Janet Miller has seen it

all. Raptors shot with pellets, some with arrows. Birds with broken wings after a run-in with a window. Bunnies orphaned and struggling to survive.

And she does whatever she can to save them.

Miller is a licensed wildlife rehabilitator. Her home in northwest Tucson is largely given over to ailing wildlife, primarily birds, that need some tender care before they can once again fend for themselves in the wild.

In addition to the sicker birds inside her home, there is a maze of Arizona Game and Fish-approved aviaries around her property for the birds that are closer to release, or are well but too damaged to be released (a broken wing can doom a bird in the wild). Barn and pygmy owls, vultures, hawks, finches — if it needs help, Miller, along with her 60-some volunteers, is ready to give it. And pay for it, often with the help of donations and volunteer vets.

But she’s 81. She can’t keep this up forever.

“I’m in my later years,” says Miller shortly after propping up an elegant blue heron with an injured wing on her kitchen counter and hand-feeding it. “I’m not young physically. Once I’m not able to do this …”

Miller doesn’t finish the sentence. It pains her to think that once she can’t do it, there won’t be others ready to step up to help.

Arizona Game and Fish has seven Tucson-area wildlife rehabilitators, including Miller, on its roster. That also includes Tucson Wildlife Center, which has an expansive facility on the far east side.

“Out here, we focus on larger predatory animals,” says Dee Kidd, director of Tucson Wildlife Center.

“There is a shortage of smaller animal rehabilitators.”

Miller is ready to do something about that.

She and fellow wildlife rehabber Noreen Geyer-Kordesky, who specializes in hummingbirds, are hosting a meeting Feb. 15 that will provide some straight talk on what’s involved in becoming a licensed wildlife rehabber.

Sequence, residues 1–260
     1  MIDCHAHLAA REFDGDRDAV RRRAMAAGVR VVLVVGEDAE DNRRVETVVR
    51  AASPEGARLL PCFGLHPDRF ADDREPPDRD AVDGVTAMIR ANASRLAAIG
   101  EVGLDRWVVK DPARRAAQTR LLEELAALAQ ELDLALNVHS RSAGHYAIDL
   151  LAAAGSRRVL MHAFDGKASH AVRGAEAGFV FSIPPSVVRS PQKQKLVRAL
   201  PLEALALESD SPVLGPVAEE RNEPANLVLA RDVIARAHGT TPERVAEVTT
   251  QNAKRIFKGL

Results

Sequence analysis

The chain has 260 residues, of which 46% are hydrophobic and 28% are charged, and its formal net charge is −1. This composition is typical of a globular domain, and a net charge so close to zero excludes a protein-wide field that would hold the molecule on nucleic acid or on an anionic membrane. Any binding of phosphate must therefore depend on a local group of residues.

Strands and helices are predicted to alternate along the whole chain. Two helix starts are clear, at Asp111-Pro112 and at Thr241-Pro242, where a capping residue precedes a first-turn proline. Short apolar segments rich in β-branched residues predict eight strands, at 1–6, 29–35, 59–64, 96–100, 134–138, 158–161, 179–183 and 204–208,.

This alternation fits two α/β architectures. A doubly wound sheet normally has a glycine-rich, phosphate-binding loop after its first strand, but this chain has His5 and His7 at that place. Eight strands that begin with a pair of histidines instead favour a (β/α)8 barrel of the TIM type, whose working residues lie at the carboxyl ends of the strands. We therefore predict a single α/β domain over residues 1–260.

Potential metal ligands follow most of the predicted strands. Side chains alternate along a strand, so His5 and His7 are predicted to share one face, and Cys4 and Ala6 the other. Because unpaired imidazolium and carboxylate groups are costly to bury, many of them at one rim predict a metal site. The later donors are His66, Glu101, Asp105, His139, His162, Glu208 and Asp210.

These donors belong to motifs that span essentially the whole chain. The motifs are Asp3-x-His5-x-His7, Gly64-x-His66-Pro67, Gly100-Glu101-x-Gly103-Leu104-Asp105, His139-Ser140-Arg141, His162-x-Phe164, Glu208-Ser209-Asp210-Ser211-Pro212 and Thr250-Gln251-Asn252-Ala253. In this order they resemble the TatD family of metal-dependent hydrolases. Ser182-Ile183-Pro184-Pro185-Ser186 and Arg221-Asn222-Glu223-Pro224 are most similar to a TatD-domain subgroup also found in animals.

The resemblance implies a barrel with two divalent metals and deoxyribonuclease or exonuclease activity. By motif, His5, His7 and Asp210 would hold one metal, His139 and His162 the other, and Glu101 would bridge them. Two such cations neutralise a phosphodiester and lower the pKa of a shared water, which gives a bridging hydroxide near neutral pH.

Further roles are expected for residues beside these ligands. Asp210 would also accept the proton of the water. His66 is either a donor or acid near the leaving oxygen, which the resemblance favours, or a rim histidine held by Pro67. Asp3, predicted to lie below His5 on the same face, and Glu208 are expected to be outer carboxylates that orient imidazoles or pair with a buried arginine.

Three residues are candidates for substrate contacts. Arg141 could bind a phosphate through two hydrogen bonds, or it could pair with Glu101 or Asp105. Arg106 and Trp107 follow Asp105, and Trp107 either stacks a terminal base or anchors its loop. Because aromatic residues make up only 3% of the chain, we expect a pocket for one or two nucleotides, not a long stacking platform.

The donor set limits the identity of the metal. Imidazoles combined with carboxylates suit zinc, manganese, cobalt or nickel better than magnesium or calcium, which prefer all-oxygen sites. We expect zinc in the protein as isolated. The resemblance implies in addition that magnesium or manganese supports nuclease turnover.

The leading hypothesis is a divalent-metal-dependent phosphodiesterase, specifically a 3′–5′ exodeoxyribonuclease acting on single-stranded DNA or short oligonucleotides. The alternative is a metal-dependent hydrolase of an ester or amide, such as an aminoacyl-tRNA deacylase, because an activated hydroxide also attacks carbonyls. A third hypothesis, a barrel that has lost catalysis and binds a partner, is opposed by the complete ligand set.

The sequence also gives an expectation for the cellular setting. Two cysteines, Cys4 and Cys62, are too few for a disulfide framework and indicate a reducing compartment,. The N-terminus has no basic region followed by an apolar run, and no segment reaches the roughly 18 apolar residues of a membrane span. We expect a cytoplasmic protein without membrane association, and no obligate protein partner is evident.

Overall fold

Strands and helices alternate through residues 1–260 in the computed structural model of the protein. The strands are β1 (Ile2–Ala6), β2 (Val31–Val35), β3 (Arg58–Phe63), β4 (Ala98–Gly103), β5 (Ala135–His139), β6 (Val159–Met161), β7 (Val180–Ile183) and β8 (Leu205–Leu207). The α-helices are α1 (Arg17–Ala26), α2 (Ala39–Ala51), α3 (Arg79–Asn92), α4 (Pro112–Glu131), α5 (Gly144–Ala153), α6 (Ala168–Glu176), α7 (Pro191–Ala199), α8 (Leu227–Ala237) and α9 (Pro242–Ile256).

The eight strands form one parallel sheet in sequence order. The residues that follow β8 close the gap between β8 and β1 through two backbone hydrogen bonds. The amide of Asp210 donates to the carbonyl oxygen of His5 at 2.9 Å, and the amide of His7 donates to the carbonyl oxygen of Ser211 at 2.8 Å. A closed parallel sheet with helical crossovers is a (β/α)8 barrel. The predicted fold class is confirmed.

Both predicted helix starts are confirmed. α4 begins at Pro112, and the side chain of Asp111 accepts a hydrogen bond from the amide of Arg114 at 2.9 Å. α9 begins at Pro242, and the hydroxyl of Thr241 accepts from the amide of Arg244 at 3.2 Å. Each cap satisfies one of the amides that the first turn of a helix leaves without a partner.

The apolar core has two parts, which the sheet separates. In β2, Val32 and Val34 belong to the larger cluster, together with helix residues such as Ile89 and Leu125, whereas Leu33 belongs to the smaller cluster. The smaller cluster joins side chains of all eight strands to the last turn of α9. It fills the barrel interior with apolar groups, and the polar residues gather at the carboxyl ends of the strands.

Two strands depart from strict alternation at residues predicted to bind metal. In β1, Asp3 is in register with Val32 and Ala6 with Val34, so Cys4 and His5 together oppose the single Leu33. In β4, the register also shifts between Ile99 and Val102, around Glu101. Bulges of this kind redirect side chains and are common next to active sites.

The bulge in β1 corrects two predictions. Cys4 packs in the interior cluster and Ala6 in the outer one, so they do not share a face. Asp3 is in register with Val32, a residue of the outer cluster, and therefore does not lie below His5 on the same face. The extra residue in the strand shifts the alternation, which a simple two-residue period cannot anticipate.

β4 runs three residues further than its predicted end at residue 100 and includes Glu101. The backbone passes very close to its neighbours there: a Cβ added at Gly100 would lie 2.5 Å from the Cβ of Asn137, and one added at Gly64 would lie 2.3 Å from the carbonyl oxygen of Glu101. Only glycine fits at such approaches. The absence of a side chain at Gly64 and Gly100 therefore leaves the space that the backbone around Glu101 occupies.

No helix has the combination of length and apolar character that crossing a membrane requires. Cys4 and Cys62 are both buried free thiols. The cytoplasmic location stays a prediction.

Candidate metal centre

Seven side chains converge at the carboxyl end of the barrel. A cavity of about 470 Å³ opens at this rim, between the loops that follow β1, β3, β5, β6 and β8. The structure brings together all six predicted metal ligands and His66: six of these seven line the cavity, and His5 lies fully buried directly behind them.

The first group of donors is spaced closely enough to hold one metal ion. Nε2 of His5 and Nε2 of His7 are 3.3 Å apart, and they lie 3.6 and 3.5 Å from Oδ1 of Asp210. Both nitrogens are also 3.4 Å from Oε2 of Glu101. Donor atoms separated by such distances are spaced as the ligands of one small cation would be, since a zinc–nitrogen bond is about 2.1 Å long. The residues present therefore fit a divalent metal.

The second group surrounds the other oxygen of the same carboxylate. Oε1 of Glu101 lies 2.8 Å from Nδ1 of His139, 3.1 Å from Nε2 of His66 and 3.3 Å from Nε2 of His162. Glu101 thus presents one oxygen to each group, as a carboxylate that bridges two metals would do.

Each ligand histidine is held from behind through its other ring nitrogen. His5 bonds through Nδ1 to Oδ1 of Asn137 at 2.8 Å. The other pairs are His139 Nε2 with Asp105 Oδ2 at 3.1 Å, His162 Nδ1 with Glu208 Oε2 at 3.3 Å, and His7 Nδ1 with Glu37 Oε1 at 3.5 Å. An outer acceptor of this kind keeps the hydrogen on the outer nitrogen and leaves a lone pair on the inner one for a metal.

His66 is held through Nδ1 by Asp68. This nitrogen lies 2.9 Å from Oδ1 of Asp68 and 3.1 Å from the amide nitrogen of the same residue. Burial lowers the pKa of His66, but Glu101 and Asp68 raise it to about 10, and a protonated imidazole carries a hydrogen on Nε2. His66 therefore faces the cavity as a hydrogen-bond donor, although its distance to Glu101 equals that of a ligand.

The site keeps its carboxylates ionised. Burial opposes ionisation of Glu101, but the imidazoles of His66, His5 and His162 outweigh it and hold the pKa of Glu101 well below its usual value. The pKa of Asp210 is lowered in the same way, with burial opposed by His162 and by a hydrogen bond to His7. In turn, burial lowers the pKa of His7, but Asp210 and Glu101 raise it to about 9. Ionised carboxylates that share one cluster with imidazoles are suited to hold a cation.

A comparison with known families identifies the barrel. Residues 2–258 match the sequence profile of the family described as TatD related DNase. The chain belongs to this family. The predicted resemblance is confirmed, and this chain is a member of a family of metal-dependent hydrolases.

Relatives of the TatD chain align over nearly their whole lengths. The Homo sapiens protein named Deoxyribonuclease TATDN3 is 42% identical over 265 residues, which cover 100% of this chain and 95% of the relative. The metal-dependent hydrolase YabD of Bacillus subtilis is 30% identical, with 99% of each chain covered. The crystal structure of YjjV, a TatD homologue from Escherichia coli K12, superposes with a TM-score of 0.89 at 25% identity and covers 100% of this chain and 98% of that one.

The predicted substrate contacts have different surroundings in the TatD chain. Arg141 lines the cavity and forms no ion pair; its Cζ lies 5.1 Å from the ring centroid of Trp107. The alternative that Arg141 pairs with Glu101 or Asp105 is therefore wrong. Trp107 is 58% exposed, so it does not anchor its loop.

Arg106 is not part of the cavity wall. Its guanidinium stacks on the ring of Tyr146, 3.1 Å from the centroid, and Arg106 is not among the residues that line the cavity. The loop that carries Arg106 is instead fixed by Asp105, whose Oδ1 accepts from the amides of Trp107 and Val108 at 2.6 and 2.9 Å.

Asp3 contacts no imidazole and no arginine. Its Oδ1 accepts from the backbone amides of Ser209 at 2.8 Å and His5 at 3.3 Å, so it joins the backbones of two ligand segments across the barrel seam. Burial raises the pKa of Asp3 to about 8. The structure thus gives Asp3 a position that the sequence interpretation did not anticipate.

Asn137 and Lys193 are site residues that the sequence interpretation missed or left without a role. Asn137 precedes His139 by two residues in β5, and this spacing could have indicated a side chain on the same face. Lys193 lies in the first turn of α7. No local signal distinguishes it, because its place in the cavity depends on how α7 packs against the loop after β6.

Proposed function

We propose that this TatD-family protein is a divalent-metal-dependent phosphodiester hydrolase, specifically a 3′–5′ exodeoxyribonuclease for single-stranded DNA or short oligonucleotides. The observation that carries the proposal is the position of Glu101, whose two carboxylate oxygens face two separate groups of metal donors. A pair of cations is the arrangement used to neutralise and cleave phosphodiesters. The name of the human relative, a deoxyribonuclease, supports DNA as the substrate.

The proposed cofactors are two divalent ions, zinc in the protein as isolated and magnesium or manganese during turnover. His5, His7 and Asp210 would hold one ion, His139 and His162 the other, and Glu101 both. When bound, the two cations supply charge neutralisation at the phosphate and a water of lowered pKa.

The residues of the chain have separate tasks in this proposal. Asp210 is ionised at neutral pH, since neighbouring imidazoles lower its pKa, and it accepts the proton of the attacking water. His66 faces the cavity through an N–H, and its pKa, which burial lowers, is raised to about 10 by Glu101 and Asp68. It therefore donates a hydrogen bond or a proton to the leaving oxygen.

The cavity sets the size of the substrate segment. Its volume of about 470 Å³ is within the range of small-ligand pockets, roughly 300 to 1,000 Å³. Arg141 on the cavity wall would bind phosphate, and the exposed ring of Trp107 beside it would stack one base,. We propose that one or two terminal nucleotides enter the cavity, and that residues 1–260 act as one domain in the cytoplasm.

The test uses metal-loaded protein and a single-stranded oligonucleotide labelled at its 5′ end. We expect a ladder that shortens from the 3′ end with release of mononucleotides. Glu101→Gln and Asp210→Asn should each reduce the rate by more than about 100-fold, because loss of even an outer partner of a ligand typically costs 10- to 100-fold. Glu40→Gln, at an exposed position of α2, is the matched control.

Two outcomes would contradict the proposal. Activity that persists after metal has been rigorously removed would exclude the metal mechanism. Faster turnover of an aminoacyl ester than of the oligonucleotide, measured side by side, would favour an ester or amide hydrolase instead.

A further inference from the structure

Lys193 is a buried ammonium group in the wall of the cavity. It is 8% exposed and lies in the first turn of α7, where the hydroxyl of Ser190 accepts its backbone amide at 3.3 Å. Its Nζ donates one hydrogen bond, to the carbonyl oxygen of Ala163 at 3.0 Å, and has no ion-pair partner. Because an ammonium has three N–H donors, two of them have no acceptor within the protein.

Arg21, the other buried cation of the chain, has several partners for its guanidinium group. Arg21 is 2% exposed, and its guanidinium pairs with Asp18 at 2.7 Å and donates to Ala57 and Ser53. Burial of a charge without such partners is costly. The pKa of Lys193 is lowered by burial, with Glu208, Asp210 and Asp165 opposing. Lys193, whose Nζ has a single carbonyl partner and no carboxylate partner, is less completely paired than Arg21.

They have a theory: If wildlife rehabbers commit to caring for a limited number of species, the work will be less demanding, and less expensive.

“They don’t have to feel they are doing everything,” says Geyer-Kordesky.

“We’re looking for someone who thinks they can handle one or two species,” says Miller. “That is more manageable and economically possible.”

A fancy center isn’t necessary — it only requires time and enough space at your home to care for the creatures. Geyer-Kordesky’s home in the Tucson Mountains has a sunny room set aside for the hummingbirds that need more attention. In her backyard patio overlooking her swimming pool, she has three structures, two smaller aviaries and a large one — the latter is the last stop for a bird before it is set free. It has a perch, plants that the bird feeds on and enough room for it to soar. Once the bird appears to be ready, Geyer-Kordesky sends it back into the wild.

But being a rehabber doesn’t always mean bringing the animal or bird home.

“My goal is to not take the bird,” says Geyer-Kordesky, who received 71 calls about hummingbirds that needed help last year. “I want to leave it or change the bird’s situation. But it takes time to monitor.”

Often she’ll get calls because a nest has blown over or is in an awkward spot. She can move the nest, and sometimes rebuild if it is necessary. Only when survival in the wild is doubtful does she take the bird home to nurse it back to health.

Becoming a wildlife rehabber is not an easy process. To be licensed with Arizona Game and Fish, one must fill out forms, pass tests, spend a minimum of six months volunteering with a licensed rehabber and build structures to exact specifications determined by the state.

But Miller has a wealth of information — she’s been doing this for more than 20 years. And she’s willing to lend her expertise to ease the process of getting licensed and caring for the birds and animals.

“We won’t cast people out there,” she says.

“We won’t dump them and say, ‘OK, you’re on your own.’ We’ll be as helpful as we can.”

“She wants to pass the light on to someone,” says Geyer-Kordesky of Miller. “We want to recruit the next generation of rehabbers to care for the next generation of animals.”